1 Peter 5:6-7 – Humble yourselves, therefore, under the mighty hand of God so that at the proper time he may exalt you, casting all your anxieties on him, because he cares for you.

Psalm 86:15 – But you, O Lord, are a God merciful and gracious, slow to anger and abounding in steadfast love and faithfulness.



Presence of the Holy Spirit

The first resource, and the most important, is the presence of the Holy Spirit in our hearts, without whom victory over sin is impossible. Not only must we have the presence of the Spirit, but we must also be “filled” with the Spirit in order to overcome sin (Ephesians 5:18-21). We should be so completely yielded to the Holy Spirit that He can possess us fully and, in that sense, fill us. Romans 8:9 and Ephesians 1:13-14 state that He dwells within every believer, but He can be grieved (Ephesians 4:30), and His activity within us can be quenched (1 Thessalonians 5:19). When we allow this to happen, we do not experience the fullness of the Spirit’s working and His power in and through us. Therefore, the presence and the filling of the Holy Spirit are essential to overcoming sin. Another resource God has given to us to overcome sin and live for Him is the Word of God, which is sufficient to equip us for every good work and to make us “complete” (2 Timothy 3:16-17). If it is able to make us complete, that would include the power to have victory over sin. Hebrews 4:12 tells us that the Word of God is living and powerful, able to penetrate straight to our hearts to root out and overcome the deepest sins of heart and attitude. Psalm 119:9 (NIV) refers to the power of the Word: “How can a young person stay on the path of purity? By living according to your word.” Joshua 1:8 further exhorts “This Book of the Law shall not depart from your mouth, but you shall meditate on it day and night, so that you may be careful to do according to all that is written in it. For then you will make your way prosperous, and then you will have good success.”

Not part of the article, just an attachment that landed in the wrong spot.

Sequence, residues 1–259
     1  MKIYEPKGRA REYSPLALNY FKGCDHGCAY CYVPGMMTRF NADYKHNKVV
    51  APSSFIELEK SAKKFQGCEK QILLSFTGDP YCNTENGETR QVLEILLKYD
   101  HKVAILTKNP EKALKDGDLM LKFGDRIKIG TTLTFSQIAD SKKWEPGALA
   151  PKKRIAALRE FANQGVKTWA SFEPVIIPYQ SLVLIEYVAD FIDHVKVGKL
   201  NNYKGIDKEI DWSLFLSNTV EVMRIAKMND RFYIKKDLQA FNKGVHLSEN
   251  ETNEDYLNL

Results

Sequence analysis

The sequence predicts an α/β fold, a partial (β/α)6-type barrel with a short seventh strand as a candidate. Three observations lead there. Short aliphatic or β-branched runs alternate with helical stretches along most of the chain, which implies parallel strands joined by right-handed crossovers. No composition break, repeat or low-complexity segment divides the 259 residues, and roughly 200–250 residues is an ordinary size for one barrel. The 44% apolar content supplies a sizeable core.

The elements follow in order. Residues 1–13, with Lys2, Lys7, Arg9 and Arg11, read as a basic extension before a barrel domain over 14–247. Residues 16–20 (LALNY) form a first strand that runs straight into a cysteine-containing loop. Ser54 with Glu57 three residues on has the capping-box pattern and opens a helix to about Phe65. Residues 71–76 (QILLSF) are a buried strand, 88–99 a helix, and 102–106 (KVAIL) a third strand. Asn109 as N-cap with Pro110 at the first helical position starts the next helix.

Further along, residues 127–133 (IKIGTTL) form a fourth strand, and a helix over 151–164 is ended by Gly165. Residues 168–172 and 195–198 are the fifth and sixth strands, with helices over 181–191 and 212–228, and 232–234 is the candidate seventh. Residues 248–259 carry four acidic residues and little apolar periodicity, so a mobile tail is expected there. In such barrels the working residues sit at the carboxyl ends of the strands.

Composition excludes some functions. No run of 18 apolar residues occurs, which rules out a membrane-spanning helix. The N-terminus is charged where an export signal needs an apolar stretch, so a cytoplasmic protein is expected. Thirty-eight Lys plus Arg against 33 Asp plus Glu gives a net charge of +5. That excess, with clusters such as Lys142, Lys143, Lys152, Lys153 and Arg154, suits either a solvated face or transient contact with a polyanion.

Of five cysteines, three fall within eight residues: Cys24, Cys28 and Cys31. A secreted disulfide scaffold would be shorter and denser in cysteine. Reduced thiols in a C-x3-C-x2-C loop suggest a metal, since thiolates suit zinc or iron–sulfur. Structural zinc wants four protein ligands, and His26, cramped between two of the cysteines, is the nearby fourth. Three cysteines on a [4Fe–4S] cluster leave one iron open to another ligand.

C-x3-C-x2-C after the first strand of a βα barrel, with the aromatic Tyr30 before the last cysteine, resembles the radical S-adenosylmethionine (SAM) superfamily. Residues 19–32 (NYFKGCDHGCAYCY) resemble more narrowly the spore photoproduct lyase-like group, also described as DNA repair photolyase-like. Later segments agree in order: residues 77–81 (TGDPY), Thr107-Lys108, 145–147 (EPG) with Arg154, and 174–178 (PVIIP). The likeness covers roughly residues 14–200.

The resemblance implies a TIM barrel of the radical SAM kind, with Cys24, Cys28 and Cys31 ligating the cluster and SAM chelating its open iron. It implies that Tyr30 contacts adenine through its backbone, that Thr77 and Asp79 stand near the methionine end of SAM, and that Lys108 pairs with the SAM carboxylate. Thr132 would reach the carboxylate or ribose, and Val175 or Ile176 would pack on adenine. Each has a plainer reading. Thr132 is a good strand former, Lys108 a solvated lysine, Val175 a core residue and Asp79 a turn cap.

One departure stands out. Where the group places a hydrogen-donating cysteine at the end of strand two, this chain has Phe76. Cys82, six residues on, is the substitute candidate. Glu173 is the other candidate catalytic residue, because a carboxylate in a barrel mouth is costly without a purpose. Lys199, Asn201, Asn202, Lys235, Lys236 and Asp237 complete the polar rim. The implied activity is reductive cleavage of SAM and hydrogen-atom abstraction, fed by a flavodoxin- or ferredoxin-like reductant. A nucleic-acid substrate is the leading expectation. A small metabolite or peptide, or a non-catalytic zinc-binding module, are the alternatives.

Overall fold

Sometimes victory over sin comes quickly; other times, victory comes more slowly. God has not left us helpless in our battle against sin. He has promised that as we make use of His resources, He will progressively bring about change in our lives. We can persevere in our efforts to overcome sin because we know that “The LORD is trustworthy in all he promises and faithful in all he does” (Psalm 145:13b NIV).

There is Power in the Blood of Jesus

One of the most vital and fundamental themes of Christianity that often seems to be missing in modern churches today is the blood of Jesus.  The blood is vital and necessary because the Scripture tells us that without the shedding of blood there is no remission of sins.  It was Jesus who came to this earth and shed His blood at Calvary, making our salvation possible.  He willingly was the perfect Lamb, the sacrifice for our sins, and without that sacrifice we would be eternally lost.  But unfortunately it is often no longer consumer friendly to share a message that emphasizes blood.  The modern church attender gets turned off by that so sermons and music avoid that topic.  And yet, without the blood, the church has no relevant message to share to a lost world.  It is the power in the blood that frees us from the burden of sin and gives us victory and power for living.  There is wonder working power in the precious blood of the Lamb, Christ Jesus.